During the 20s and 30s fat transplantation was attempted. Lumps of fat were removed from the abdomen, buttocks, or elsewhere, and placed in the breasts. Because the procedure gave good initial results and seemed to have lower risks than paraffin wax, it became more popular. Unfortunately, the procedure’s results didn’t last, as the body tended to re-absorb the fat, which was transported without a blood supply and quickly died. By the 1940s, this procedure was largely abandoned.


Although surgical breast enlargement was essentially abandoned by the 1940s, this did not mean women stopped trying to enlarge their breasts. How could they, with screen sirens like Jane Russell, Marilyn Monroe, Jayne Mansfield, and others, showing off their curves in theaters, and, for the first time, in homes through the magic of television.

At this time, breast padding became a multimillion dollar industry, but women still looked for methods of true breast enlargement.


In the 1950s, surgeons believed they had found a new method for surgical breast enlargement. Surgeons begin using sponges, sometimes wrapped in a polyethylene jacket. Dr. Robert Franklyn in LA was the main user of this type of implant, but a few others did as well. The results were not long-lasting, and often led to shrunken breasts and infections. Many women had these breast implants removed quickly, but periodically plastic surgeons report removing them from patients to this day.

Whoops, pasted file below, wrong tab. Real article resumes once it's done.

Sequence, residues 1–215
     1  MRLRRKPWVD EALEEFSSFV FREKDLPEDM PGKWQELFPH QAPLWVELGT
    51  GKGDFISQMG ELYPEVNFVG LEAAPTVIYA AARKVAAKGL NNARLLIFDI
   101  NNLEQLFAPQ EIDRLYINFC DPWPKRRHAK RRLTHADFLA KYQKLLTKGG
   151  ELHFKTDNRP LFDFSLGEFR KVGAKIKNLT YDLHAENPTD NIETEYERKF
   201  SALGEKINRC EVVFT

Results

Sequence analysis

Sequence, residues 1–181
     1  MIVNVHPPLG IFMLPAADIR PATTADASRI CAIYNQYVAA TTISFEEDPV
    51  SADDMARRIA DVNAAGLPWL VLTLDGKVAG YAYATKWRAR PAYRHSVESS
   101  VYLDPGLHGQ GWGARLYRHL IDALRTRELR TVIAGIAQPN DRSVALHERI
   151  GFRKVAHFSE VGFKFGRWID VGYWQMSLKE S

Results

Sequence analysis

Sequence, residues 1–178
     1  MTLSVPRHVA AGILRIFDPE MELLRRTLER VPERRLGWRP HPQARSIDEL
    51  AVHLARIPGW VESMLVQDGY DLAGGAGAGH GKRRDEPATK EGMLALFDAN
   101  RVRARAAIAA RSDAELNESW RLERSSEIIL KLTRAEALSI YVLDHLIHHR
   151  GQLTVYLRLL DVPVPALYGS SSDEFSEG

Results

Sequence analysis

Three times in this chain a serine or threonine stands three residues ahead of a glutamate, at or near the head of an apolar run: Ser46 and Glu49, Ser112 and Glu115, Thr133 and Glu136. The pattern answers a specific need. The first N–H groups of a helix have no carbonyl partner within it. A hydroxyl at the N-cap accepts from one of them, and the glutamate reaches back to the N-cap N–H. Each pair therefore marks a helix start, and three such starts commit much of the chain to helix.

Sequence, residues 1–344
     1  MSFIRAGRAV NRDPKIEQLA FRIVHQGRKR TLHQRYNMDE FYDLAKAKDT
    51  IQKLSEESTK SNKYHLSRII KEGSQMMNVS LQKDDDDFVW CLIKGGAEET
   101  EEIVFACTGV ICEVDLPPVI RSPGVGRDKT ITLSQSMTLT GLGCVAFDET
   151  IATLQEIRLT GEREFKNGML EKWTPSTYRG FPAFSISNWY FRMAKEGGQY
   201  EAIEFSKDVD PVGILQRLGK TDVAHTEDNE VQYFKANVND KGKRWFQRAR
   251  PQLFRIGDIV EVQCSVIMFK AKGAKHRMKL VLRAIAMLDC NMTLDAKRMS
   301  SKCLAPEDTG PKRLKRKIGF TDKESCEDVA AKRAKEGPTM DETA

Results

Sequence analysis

As women learned of the perils of sponges, they began to turn to a newly invented material for breast enlargement. Silicone was initially invented as an engine lubricant. It is a relatively inert material that can easily be sterilized and injected. It was first adopted, according to conventional wisdom, by Japanese prostitutes in the postwar period and eventually moved over to the US. It became popular among showgirls and dancers, but those most dedicated to its use were from the transgender community. Some women, such as pioneer provocateur Carol Doda, had numerous injections with no side effects, but in many cases the use of the substance result in discoloration, granulomas, and disfigurement limited its popularity. And the number of deadly complications eventually caused Congress to ban silicone injection in 2004.

An underground industry of silicone gel injection still exists, but women and transgender individuals should steer clear of this potentially deadly practice.


Silicone-filled breast implants were invented in 1961, first implanted in 1962, and since then they have remained the most popular choice for breast enlargement because of their great, long-lasting results and high safety record. Concerns about the safety of breast implants led to their withdrawal from the market in 1992, but none of these concerns were able to be documented and the FDA re-approved them for cosmetic breast augmentation in 2006.

Furthermore, the FDA’s 2011 assessment of studies by breast implant manufacturers Allergan and Mentor confirms that silicone breast implants are not associated with autoimmune diseases, connective tissue disorders, breast cancer, or fertility problems. It also means that finally women can have surgical breast augmentation knowing that they fully understand the possible complications of the procedure.

Phoenix breast surgeons use the most advanced procedures available in breast augmentation, procedures that are safe and deliver consistent, predictable results. To learn more about breast augmentation please contact our practice today.